NASHID v. The STATE.
A jury found John Renard Nashid guilty of armed robbery, kidnapping, aggravated assault, and possession of a firearm during the commission of a crime. He appeals, arguing that the trial court erred by (1) admitting evidence of another crime that was not sufficiently similar to the charged crimes and (2) failing to redact from his taped conversations with the police statements that reflected poorly on his character. We find no error and affirm.
On appeal from a criminal conviction, the defendant no longer enjoys a presumption of innocence, and we view the evidence in the light most favorable to the verdict.1 So viewed, the evidence shows that on the evening of October 3, 2000, a man entered the Family Dollar Store in Forrest Mart Shopping Center in Douglasville, pointed a gun at the manager and another employee, and demanded money from the cash registers. After the manager gave him money, the man ordered both employees to the back of the store. The manager complied, but the other employee fled to a nearby bar and called the police. The gunman exited the store, and moments later a patron and an employee at the bar saw a maroon Ford Expedition speed away from the shopping center parking lot.
Shortly thereafter, Douglas County Sheriff's Deputy Dwayne Taylor saw a maroon Ford Expedition headed eastbound on I-20, followed it for a short distance, and then turned on his car's flashing lights and siren. The Expedition eventually pulled over, and Taylor “saw a gun come out of the passenger side.” Taylor ordered the driver to show his hands, but the Expedition sped off. Taylor pursued it, and the vehicles “approached speeds of 100 miles an hour or more.” The Expedition wove in and out of traffic, drove in the emergency lane, cut in front of a tractor-trailer, made a U-turn across the median, and then drove the wrong way on I-20 and exited the highway on an entrance ramp. Taylor followed the Expedition to a warehouse parking lot, where he lost sight of it for a few moments. During that time, a truck driver in the parking lot saw a man jump from the passenger side of the Expedition, crawl under a trailer, and walk away.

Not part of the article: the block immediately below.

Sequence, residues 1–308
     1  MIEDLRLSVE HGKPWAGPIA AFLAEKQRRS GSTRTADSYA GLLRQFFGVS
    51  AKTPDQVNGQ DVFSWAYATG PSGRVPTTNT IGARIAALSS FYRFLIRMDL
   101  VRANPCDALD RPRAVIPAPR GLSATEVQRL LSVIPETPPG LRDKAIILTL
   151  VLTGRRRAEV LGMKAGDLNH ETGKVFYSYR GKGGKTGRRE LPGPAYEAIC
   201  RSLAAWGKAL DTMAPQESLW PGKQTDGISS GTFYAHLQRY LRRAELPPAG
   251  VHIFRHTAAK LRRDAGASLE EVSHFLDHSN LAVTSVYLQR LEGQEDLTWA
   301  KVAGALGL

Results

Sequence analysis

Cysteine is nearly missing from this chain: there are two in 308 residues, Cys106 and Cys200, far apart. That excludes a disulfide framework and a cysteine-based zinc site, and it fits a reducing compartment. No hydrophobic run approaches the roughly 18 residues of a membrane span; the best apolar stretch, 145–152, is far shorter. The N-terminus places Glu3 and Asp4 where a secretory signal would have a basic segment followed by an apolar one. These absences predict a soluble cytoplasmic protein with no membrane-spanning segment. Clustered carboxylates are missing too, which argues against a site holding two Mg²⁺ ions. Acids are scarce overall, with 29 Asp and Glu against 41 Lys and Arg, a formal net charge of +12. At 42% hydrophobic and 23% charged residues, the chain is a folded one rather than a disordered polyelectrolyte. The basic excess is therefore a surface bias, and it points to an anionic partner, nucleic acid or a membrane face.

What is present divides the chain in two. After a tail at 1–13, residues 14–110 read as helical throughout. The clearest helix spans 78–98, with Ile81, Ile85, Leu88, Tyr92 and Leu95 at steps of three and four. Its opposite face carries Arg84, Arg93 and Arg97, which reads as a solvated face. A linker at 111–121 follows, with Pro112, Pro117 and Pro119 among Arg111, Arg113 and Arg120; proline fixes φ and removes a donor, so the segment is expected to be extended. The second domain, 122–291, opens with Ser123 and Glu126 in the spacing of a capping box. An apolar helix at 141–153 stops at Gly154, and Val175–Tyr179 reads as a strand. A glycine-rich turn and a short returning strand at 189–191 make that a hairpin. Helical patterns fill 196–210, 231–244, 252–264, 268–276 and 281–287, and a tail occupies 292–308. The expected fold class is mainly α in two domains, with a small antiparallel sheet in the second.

The Expedition then sped from the parking lot and began driving in reverse, with the flow of traffic, down a surface street. Taylor followed as the Expedition switched directions and drove forward toward oncoming traffic, ran a stop sign, made a series of U-turns, and eventually returned to I-20 eastbound. At this point, multiple law enforcement vehicles were in pursuit. The chase continued at high speeds, with the Expedition again weaving and using the emergency lane. Finally, the Expedition exited the interstate and crashed into a parked car. The driver-whom Taylor later identified as Nashid-exited the Expedition and ran toward nearby woods. Taylor followed, but Nashid jumped a fence and escaped.
The Expedition had been leased by Nashid and Donald Jackson. Jackson testified that on the evening of October 3, Nashid called him and said “that he had been carjacked, tied up, beat up, robbed, put in the floorboard of his car, [and] kicked out along the expressway” by two unnamed attackers, one of whom he knew. Nashid said that he was in a wooded area and asked Jackson to come get him. On his way to pick up Nashid, Jackson passed the Expedition surrounded by police cars near an interstate exit. When Jackson reached Nashid, Nashid showed “no signs of physical abuse” and still had his cell phone and some money, despite his claim of having been robbed. Jackson drove Nashid to a pay phone, where he called 911, and then took him home to his wife in Tucker.
Two days later, Nashid called Detective J.R. Davidson of the Douglasville Police Department in an effort to retrieve his Expedition from police custody. Nashid related the story of his alleged carjacking, escape, and 911 call. Nashid said that after calling 911, he took a MARTA train to the Avondale Station and then “crashed out” with “some little ․ ho” he had met on the train in a hotel near the DeKalb County jail. Nashid also said, “[My wife] probably wants to know about the girl I was with.” On October 9, Nashid again related his story to Davidson. This time, he said that the woman he spent the night with was “just a little piece of shit girl” and “a hooker or something” and that he was “trying to move away from [his] wife.”
Inside the Expedition, police found a cell phone belonging to Nashid's co-defendant, Browrick Reese. A Family Dollar employee identified Reese as the gunman from a photographic lineup.